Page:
John F. Kennedy's Presidency

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Student Question

What was Kennedy's policy toward Vietnam and how did it correlate with his Cuba policy?

Quick answer:

President Kennedy believed in the principle of self-determination for all nations, including Vietnam and Cuba, which put him at odds with the Joint Chiefs of Staff and his more hawkish advisors. His unwillingness to invade Cuba twice is evidence of this conviction. Whether he would have withdrawn from Vietnam had he lived, as is implied by NSAM 263, or ultimately escalated the conflict, as President Johnson did, will never be known.

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Coming to power during the height of the Cold War in 1960, no one was more cognizant of the importance of anti-communist rhetoric as part of one's public posture than JFK. However, it has become clearer with the passage of time that Kennedy's true convictions were partly hidden for this reason.

But they were also partly in evidence, especially during the failed Bay of Pigs operation in April of 1961 when he remained adamant in his refusal to provide air support for the Cuban 2506 Brigade, since he believed that in doing so, he would drag the United States into a full-scale war with Cuba. More than a year later, he would again refuse to invade during the Cuban Missile Crisis after the Soviet Union had installed nuclear warheads on the island, and the fate of the world hung in the balance.

Kennedy's decision not to invade or take aggressive action on both occasions were strongly opposed by the Joint Chiefs of Staff, putting the president at odds with the Pentagon for the remaining year of his life.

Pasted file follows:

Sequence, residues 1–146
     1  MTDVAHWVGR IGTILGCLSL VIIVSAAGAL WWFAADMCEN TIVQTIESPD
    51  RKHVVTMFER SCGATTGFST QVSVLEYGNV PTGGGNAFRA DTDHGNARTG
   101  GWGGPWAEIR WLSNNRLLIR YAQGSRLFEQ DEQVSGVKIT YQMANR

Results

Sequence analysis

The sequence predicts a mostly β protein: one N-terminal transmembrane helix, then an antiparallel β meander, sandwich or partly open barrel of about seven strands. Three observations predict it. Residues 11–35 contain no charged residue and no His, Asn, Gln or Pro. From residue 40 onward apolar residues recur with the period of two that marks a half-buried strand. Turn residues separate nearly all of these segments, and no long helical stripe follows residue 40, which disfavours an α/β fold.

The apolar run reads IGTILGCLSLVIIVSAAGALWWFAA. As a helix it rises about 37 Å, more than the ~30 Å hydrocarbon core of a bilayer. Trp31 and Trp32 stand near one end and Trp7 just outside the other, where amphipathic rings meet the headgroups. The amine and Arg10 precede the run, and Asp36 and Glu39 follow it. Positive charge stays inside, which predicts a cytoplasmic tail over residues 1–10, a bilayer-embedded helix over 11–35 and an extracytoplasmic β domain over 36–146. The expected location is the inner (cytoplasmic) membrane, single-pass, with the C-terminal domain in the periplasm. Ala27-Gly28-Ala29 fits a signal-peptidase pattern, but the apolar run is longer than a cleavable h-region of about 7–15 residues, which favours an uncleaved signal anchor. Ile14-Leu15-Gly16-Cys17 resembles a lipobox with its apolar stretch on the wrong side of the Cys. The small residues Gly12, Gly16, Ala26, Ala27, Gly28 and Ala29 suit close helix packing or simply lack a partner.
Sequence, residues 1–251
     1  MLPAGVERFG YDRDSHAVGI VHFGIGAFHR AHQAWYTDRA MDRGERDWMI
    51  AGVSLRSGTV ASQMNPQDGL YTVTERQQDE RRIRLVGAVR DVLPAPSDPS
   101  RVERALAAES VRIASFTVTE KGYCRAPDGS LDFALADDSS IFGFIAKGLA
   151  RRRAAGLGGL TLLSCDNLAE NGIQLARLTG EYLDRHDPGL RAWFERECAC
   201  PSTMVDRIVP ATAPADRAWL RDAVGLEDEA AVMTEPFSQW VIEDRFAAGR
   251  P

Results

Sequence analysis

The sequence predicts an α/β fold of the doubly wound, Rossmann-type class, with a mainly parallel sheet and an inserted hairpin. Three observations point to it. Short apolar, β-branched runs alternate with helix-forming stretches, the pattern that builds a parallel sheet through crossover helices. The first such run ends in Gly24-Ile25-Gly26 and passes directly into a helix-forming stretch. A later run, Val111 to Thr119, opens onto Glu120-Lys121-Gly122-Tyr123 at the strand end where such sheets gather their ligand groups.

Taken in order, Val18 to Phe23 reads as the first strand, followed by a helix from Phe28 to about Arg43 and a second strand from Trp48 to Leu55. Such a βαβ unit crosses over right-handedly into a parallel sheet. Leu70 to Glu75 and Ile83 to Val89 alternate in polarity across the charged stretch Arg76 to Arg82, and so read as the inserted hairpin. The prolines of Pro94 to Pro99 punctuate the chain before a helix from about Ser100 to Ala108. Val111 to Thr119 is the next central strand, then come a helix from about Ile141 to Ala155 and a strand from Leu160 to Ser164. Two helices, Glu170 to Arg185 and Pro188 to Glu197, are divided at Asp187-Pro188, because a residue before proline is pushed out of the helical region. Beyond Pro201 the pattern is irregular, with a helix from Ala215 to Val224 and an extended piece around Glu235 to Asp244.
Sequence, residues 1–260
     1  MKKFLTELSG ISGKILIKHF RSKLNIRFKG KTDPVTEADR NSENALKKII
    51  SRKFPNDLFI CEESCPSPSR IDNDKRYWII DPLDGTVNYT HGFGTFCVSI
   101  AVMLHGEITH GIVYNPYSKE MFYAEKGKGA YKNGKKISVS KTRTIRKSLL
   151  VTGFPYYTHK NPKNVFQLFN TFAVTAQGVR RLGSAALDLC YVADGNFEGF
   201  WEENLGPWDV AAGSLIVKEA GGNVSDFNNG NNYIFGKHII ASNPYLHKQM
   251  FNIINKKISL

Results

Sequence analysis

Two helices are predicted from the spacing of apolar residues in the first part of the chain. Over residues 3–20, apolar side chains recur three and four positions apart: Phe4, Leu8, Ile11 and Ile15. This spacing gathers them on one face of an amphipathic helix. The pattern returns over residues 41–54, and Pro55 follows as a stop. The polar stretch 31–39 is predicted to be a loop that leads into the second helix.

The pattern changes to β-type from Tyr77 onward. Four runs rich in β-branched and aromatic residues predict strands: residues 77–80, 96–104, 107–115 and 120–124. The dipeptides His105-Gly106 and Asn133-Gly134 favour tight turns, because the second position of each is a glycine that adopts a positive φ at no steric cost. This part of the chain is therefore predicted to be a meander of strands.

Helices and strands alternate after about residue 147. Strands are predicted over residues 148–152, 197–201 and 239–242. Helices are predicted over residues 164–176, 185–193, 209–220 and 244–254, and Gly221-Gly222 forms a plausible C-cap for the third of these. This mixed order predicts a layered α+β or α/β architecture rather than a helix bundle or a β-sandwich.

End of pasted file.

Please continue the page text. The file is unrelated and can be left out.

The situation in Vietnam, while less dramatic, was more complex. JFK had long been sympathetic to the desire of the Vietnamese people to throw off the yoke of colonialism but inherited a questionable incursion from the Eisenhower administration to prevent the advance of Communism under the influence of the canard-like "domino theory."

From the beginning of his tenure in the White House, Kennedy had resisted the exhortations of his more hawkish advisers and the Joint Chiefs to augment the cadre of 16,000 "special advisors," already in country, with ground troops.

As Kennedy's Secretary of State, Robert McNamara revealed only in 1995 during meetings of the National Security Council in the early days of October 1963, the president expressed his intention to withdraw from Vietnam, saying, "We need to get out of Vietnam, and this is a way of doing it," and signing NSAM 263, which called for the withdrawal of 1,000 of the advisors from Vietnam as an initial gesture.

Then, on November 1, the president of South Vietnam, Ngo Dinh Diem, was deposed and murdered in a coup. The seeds of the coup had been planted in late August, when JFK and McNamara were on vacation by the anti-Diem faction among Kennedy's advisors, including Averill Harriman and Henry C. Lodge, through a cable impossible for the president to reverse. Three weeks later the president himself was assassinated. Not long thereafter, NSAM 263 was rescinded and the escalation of the war began. What would have happened in Vietnam if JFK had lived will never be known.

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